Curb corruption, Chinese daily tells CPC
Beijing: People want to see "more resolve and efficiency in fighting corruption" from the Communist Party of China (CPC), said a Chinese daily, pointing out that 660,000 party members had been punished for disciplinary violations over the past five years.
An editorial in the China Daily Tuesday, barely two days ahead of the crucial 18th National Congres of the CPC, said incessant anti-corruption efforts and "full recognition of the tasks linked to its own fate" have shown how seriously the the party takes the problem.
More than 660,000 Party members have been punished for disciplinary violations between November 2007 and June this year; and more than 24,000 of them transferred to judicial authorities for suspected crimes.
"These figures are proof that the CPC is serious about corruption in its own ranks and testify to an obvious sense of urgency in dealing with widely hated abuses of power."
It said that the expulsion of Bo Xilai, the former Chongqing Party chief and a former member of the CPC Political Bureau, from the party is "justifiably cited as evidence of the CPC's determination to bring to justice anyone who dares to trample on Party disciplines or State laws".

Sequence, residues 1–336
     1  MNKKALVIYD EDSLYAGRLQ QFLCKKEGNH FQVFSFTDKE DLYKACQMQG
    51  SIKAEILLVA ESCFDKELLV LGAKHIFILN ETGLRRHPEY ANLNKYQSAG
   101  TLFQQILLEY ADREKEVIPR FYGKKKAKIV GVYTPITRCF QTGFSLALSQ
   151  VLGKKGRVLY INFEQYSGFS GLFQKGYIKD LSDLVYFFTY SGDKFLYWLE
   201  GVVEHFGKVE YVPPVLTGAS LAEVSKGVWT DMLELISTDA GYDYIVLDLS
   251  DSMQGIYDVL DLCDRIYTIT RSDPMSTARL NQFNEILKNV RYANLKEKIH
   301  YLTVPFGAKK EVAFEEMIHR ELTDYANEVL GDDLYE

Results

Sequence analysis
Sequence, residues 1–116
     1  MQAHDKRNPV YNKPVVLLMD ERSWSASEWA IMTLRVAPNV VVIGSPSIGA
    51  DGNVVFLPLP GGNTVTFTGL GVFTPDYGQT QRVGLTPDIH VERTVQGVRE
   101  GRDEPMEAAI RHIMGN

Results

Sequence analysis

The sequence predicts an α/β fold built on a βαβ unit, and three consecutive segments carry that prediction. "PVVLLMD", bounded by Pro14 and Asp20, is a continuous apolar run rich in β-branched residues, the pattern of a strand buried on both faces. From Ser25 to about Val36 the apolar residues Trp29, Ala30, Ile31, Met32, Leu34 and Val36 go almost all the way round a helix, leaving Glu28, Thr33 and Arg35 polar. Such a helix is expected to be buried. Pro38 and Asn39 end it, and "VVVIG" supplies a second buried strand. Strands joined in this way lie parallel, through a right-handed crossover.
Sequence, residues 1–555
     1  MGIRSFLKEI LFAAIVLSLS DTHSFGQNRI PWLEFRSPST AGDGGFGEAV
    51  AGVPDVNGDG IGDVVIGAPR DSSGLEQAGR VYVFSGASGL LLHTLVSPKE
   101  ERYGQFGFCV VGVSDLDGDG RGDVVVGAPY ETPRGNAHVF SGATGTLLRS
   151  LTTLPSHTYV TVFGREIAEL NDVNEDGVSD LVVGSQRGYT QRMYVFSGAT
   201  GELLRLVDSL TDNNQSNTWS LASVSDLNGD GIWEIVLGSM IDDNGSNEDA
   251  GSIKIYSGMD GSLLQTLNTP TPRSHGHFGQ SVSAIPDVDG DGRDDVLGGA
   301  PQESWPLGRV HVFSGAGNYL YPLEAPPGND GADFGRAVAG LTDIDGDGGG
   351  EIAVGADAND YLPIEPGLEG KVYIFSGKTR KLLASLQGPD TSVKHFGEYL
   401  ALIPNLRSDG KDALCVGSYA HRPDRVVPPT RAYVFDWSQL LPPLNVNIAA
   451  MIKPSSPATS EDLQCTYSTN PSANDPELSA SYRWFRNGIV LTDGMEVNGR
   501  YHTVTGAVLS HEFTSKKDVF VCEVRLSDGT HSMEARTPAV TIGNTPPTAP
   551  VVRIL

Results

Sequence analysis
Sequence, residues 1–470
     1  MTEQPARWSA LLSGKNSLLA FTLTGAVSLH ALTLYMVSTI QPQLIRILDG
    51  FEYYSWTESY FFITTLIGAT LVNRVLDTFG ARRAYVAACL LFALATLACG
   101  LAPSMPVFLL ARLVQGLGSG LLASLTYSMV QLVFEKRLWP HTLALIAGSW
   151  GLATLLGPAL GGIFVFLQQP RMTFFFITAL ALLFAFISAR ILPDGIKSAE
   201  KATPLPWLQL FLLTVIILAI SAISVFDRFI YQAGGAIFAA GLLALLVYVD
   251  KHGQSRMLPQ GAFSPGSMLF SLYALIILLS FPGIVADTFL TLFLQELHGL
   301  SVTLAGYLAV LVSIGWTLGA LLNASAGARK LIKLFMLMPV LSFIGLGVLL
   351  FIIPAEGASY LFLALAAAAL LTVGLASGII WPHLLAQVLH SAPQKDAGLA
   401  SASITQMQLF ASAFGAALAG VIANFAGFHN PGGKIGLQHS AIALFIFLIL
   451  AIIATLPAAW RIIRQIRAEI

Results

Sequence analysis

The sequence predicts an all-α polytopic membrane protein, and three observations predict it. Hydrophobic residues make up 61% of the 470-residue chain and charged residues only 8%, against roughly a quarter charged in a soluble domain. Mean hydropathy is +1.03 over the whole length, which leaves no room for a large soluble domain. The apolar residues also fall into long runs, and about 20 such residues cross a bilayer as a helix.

At its eighth plenary session, which concluded Sunday, a warning was issued that "anti-corruption is still a long-term, complicated and tough battle" and that the whole party is confronted with the challenge.
According to a survey conducted by the National Bureau of Statistics, 72.7 percent of the people polled were satisfied or relatively satisfied with anti-corruption work in 2011, a sharp rise from the 51.9 percent in 2003.
"But that does not mean the Party can rest on its laurels. People want to see more resolve and efficiency in fighting corruption," said the daily.
It added that the CPC has in place a comprehensive system to deal with corruption.
"It is encouraging that it has pledged greater efforts to improve its system of preventing and punishing corruption. But the CPC's keen awareness of the threat of corruption and its resolve to eliminate it must be translated into the further effective operation of such mechanisms," the editorial said.